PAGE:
As the ability to correlate and integrate financial and clinical data has evolved, the utilization of EHRs as an integral component of the billing system for health care services delivered is rapidly expanding. Twenty years ago, much of the data within the clinical and financial systems were housed in disparate systems. Even the larger vendors who offered both clinical and financial systems did so in a split environment, with little to no data passing between them. Consequently, health care organizations had to make significant investments in these disparate systems. It has only been in the last 5-10 years that commercial EHR products began to integrate the billing modules where data could be used to analyze the efficiencies from within the EHR and without having to manipulate the data in an external warehouse. Today, we are seeing ever greater opportunities as the larger EHR vendors are unifying their data architecture and better reporting tools are being placed in providers’ hands.

For the technology to achieve the articulated vision, a focus on interoperability and information sharing among a broad spectrum of systems must occur. The Office of the National Coordinator for Health Information Technology (ONC) has issued a proposed guideline that outlines a 10-year roadmap to achieve full interoperability.23 Completion of the first stage is anticipated by the end of 2017. This first stage only involves a capability for EHRs to send, receive, find, and use priority data domains to improve health care outcomes. This would tie to the initial requirements of Meaningful Use Stage 3 objectives to be in place by 2018 and of MACRA.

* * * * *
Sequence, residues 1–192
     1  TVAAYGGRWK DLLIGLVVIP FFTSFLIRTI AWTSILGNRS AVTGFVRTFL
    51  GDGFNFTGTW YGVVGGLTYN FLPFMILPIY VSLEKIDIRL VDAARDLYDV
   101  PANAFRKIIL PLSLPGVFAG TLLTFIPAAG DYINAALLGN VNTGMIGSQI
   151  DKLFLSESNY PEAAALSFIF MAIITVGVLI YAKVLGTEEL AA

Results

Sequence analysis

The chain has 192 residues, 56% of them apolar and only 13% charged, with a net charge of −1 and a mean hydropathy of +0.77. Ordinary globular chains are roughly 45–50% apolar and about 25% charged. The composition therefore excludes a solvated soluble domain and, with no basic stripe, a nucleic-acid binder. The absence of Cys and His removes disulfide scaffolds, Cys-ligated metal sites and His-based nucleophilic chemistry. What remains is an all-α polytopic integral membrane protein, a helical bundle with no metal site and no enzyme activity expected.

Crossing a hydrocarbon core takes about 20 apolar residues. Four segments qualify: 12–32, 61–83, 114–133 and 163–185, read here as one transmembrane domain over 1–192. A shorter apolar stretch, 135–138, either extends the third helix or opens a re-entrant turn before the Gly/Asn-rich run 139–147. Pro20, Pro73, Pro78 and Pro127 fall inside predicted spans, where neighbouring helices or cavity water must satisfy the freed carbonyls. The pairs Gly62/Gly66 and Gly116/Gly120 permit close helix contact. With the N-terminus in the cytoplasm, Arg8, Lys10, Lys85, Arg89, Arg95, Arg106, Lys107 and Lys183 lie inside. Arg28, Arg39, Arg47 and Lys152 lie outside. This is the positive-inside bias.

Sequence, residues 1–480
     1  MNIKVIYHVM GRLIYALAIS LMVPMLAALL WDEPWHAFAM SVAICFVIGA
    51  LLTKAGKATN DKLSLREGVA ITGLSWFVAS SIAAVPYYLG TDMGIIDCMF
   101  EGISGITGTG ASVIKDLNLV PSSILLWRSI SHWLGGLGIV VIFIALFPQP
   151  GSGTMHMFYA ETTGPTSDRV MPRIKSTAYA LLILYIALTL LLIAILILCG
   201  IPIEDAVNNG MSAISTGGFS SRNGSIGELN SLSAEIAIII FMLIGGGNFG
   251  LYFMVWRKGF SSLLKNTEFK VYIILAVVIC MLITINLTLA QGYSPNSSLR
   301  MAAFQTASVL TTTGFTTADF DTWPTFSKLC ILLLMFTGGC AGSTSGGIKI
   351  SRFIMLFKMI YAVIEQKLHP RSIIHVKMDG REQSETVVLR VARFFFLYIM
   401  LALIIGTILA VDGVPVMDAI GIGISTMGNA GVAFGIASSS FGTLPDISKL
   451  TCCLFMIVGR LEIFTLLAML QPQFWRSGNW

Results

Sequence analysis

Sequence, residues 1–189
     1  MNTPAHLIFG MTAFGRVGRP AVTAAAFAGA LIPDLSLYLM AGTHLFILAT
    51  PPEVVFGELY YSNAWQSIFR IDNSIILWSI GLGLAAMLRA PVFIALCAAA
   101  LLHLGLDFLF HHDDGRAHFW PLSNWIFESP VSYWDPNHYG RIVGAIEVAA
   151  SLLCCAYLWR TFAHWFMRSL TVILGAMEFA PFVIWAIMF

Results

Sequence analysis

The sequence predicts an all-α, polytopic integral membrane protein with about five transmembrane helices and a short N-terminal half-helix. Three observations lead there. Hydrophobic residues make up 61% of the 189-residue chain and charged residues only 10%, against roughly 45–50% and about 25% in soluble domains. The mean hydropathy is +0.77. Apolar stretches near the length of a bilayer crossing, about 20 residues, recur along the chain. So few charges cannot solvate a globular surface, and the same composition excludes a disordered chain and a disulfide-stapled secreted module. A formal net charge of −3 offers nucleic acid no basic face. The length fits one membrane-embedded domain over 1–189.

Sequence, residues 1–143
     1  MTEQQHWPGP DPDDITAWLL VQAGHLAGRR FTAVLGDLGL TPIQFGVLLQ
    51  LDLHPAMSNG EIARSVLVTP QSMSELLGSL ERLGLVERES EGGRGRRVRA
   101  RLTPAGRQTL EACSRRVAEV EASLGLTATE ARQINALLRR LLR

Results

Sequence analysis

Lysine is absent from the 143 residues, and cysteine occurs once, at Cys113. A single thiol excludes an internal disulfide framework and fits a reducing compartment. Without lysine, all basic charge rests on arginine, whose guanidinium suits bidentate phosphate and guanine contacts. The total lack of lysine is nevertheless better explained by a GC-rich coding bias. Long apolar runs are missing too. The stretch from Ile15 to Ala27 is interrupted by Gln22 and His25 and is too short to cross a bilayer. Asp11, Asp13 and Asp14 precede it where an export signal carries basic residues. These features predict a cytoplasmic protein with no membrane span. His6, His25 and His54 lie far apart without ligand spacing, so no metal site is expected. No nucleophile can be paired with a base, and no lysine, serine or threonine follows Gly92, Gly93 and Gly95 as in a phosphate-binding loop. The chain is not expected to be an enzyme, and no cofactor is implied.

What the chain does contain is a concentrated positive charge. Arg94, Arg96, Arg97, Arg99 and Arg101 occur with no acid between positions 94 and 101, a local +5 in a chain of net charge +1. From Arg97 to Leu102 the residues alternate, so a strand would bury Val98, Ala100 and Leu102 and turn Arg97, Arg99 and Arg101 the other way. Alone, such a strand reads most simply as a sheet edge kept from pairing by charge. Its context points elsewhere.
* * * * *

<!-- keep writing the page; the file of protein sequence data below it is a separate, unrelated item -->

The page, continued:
There are other challenges facing the adoption of a fully integrated EHR. Physician satisfaction as well as local community standards may have a future impact on adoption. To ensure the continued growth of EHR adoption, it is imperative that the United States achieves full interoperability. The current Meaningful Use framework promotes interoperability, but the challenges to achieving this are many, beginning with EHR vendors who must agree and collaborate to allow data to flow between them efficiently. As we advance EHR refinement and optimization in coming years, it will be prudent to remain aware, much as we do with other technology, that EHRs have a degree of moral hazard and are not infallible, and our dependence on them, as the need for downtime solutions and drills demonstrates, must be accompanied with risk mitigation strategies and processes to ensure patient safety.

CONCLUSION

While it is true that EHR technology remains immature and requires aggressive advancements in clinical usability, Meaningful Use achieved its central objective exceedingly well: it has placed EHRs in a large majority of US hospitals, clinics, and physician practices. The key point is that Meaningful Use was not the end of the journey; rather, it was the beginning. The next phase of optimizing EHR functionality in order to yield greater impact on patient outcomes will help facilitate the shift from a system of perverse incentives favoring volume of care delivered toward those that reward for quality and positive clinical impact.